Fight Ticks, Lyme Disease with Natural Tick Repellents

2012-04-16 05:44
Ticks can cause Lyme disease, other illnesses

The warmer than usual winter and early spring have meant a surge of activity among people, plant, and animals, and those pesty critters called ticks, which can carry the threat of Lyme disease. If you want an alternative to chemicals to repel these pests, this may be the year you try natural tick repellents.

Some tick repellents are hazardous

If you live near or in wooded, grassy, or other natural areas or you spend your vacation in such places, one of your rituals during spring and summer months should include checking for ticks on yourself, your family, and your pets. Ticks can carry a number of diseases, perhaps most notably Lyme disease (the most common tick-borne disease in the Northern hemisphere), as well as Rocky Mountain spotted fever, ehrlichiosis, and Colorado tick fever, among others.

A number of chemical tick repellents are on the market, including DEET and permethrin. DEET is applied directly to the skin and has been associated with neurological damage in humans, including slurred speech, confusion, and seizures.

Permethrin is an insecticide derived from a chemical in chrysanthemums, and it is sprayed on clothing because it is deactivated when it interacts with oils on the skin. It can irritate the eyes if not used correctly.

Natural tick repellents are easy to make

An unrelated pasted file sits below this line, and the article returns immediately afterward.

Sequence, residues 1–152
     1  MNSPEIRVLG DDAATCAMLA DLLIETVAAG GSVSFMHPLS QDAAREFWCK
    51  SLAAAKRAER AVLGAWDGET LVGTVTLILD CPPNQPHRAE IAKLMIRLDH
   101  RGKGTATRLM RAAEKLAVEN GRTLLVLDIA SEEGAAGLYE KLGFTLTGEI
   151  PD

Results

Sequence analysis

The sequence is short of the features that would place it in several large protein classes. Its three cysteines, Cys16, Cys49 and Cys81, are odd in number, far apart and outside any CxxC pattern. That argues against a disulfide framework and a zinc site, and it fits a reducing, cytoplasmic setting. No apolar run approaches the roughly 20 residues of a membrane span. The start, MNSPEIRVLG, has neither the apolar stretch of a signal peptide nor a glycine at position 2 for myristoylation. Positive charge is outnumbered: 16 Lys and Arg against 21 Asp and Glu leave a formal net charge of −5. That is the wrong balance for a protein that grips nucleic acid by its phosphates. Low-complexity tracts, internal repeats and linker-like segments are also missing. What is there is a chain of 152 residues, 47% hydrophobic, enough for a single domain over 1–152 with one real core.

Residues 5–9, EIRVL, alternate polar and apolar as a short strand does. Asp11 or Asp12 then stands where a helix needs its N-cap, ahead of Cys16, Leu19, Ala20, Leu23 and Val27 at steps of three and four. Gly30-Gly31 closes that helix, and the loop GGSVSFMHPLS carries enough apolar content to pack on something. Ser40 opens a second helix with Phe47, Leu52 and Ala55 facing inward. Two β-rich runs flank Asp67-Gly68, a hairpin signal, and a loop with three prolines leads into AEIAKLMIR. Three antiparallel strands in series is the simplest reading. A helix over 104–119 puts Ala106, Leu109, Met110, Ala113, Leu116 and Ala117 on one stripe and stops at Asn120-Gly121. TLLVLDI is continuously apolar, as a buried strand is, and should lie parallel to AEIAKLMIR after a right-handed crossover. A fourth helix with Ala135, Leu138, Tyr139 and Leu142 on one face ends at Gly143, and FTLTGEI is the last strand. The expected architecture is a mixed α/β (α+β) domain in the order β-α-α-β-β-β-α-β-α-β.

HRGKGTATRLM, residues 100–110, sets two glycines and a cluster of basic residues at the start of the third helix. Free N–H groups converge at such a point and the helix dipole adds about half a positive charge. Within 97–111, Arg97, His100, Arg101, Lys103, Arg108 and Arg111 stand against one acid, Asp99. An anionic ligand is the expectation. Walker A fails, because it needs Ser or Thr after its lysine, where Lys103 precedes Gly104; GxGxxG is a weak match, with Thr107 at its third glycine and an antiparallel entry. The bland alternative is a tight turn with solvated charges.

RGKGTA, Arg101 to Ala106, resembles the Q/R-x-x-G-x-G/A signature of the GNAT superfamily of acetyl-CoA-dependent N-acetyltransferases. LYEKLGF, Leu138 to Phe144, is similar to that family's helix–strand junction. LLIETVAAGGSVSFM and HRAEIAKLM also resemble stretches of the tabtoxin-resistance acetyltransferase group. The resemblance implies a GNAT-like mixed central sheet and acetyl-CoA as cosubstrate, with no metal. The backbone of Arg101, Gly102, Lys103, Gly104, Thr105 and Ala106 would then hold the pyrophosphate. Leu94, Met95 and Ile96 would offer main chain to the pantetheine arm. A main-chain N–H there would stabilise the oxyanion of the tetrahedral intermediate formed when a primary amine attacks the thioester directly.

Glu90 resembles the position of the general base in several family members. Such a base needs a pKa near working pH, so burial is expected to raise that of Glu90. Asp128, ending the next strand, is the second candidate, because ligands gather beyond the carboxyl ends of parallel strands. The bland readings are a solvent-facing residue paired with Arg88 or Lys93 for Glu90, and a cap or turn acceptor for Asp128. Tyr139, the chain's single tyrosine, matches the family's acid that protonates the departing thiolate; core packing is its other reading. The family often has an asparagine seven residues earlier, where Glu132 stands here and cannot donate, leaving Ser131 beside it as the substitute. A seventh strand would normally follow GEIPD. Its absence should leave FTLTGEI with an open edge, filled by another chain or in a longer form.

Here are a few natural tick repellents you can make at home for yourself and for your pets. You should get a spray bottle (one that holds at least 16 oz) for some of these combinations.

  • In a small container or bowl, combine 4 tablespoons vegetable oil or almond oil, 2 tablespoons aloe vera gel, and 30 to 40 drops geranium essential oil. Mix it well and use an eye dropper to apply the mixture to your skin and rub it in. You can also apply two to three drops to your dog’s collar to repel ticks.
  • Make the same combination but use lavender essential oil instead of geranium. You can also use half geranium and half lavender essential oils.
  • Combine 1 cup water, ½ cup apple cider vinegar, and 6 to 10 drops of geranium or lavender essential oil in a spray bottle. This tick repellent can be sprayed on clothing, your pet’s fur, your skin, and your lawn.
  • Neem oil is an effective tick repellent for both humans and dogs, but you must use the mixture within 8 hours of preparing it, because the neem oil will lose its potency. First combine 16 ounces of warm water with 2 ml of mild detergent. Slowly add 5 ml of neem oil and stir vigorously. Use the mixture in a spray bottle. This tick repellent can be applied to the skin and to a dog’s fur.
  • Another way to use neem is to bring 2 cups of water to a boil and add ½ cup dried neem leaves to the water. Steep the leaves for one hour, then strain off the liquid into a spray bottle. This neem water can be used on clothing, skin, and pets (rub into their fur). Avoid contact with the eyes or ears on pets and yourself.
  • Ticks are not fond of citrus, so you can make a citrus tick repellent. Boil 2 cups of water and add any combination of 2 sliced citrus fruits: lemons, limes, oranges, or grapefruit. Allow the mixture to boil for about a minute, then simmer for one hour. Remove the fruit and put the liquid through a strainer. Pour into a spray bottle and use on your skin, your pet’s fur, and on your lawn.